Teaching Indian Girls to Kick Ass

Written by  August 12, 2010

Check out these stories about a woman using karate and self defense to empower young women in India.

For more information, check out this blog.

Under the name The Green Tara Project, she hopes to “provide a framework that applies the principles of karate, the techniques of self defense, and the concepts of cognitive behavioral therapy in class and gym settings through a network of karate, self defense, and counselling professionals.”

“This framework could then be implemented by any women’s organization or program to complement their own efforts. The framework is being designed such that it can accommodate scaling (organization size; class size) and sensitivity to local cultural attitudes when implemented globally.”

The project is being founded in Forbesgunge, Bihar, “a remote northeastern corner of Indian” and “one of, if not THE, poorest areas in India.”

“People there earn just 50 cents a day. Crime is rampant. And Forbesgunge is one the trafficking route that transports kidnapped girls and young women from Nepal to cities such as Mumbai for sex work.”

The project is a very new venture started by a woman who from Illinois who says she was inspired by stories she read online. In particular, she was moved by the story of Assiya Rafiq of Pakistan who was repeatedly raped by criminals and police officers alike, and who fought back to persecute her attackers. She also found inspiration in the book Half the Sky: Turning Oppression into Opportunity for Women Worldwide, by New York Times writers Nicholas D. Kristof and Sheryl WuDunn.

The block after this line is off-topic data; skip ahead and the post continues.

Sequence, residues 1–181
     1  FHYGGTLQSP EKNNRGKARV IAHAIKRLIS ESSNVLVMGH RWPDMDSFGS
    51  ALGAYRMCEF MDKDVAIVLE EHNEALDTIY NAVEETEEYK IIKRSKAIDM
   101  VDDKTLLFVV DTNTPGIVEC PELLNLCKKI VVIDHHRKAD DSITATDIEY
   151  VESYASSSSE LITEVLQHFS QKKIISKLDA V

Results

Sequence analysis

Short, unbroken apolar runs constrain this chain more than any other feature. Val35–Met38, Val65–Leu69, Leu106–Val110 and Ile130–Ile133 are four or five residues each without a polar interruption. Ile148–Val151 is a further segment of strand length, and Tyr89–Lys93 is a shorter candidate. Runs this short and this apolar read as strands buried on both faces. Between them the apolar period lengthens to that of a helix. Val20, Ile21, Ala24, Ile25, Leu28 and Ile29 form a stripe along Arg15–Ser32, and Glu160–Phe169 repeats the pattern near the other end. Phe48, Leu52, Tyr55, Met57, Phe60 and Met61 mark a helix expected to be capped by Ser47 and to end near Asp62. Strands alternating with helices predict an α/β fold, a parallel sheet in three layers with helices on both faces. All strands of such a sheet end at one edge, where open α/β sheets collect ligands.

There is always a concern that volunteer projects such as this will be short-lived – projects that appear to be founded on more enthusiasm and inspiration than know-how and experience. Hopefully, however, the project will find the adaptability and inclusiveness to become a sustainable and empowering venture for women in India and elsewhere. Best of the luck to The Green Tara Project!

Add this article to your reading list
Published in Editor's Desk
Tagged under
Zalina Alvi

Zalina grew up in Toronto and began her career in journalism at the York University campus newspaper. Before joining Verge in 2010, she worked for a documentary festival, a non-profit organization and various magazines and newspapers. Zalina has had some eclectic travel experiences, including reporting for a newspaper on the island of Molokai in Hawaii.

Join the Verge Community

china traveller opt sm

Join our community of savvy travellers and put nearly two decades of inspiring articles, authoritative information and expert advice to work for you.

Planning a gap year or your first international volunteer placement? Looking ahead to studying abroad? Wondering how to turn your passion for travel into an international career? This is the place to start!

Show me more > Login >



Verge believes in travel for change. International experience creates global citizens, who can change our planet for the better. This belief is at the core of everything we do.

For more than a decade, Verge has produced quality resources and events to help people experience the world in a meaningful way, through opportunities to study, work and volunteer abroad.

Contact Us

(+1) 705 742 6869

Subscriber care
Write for us
Privacy policy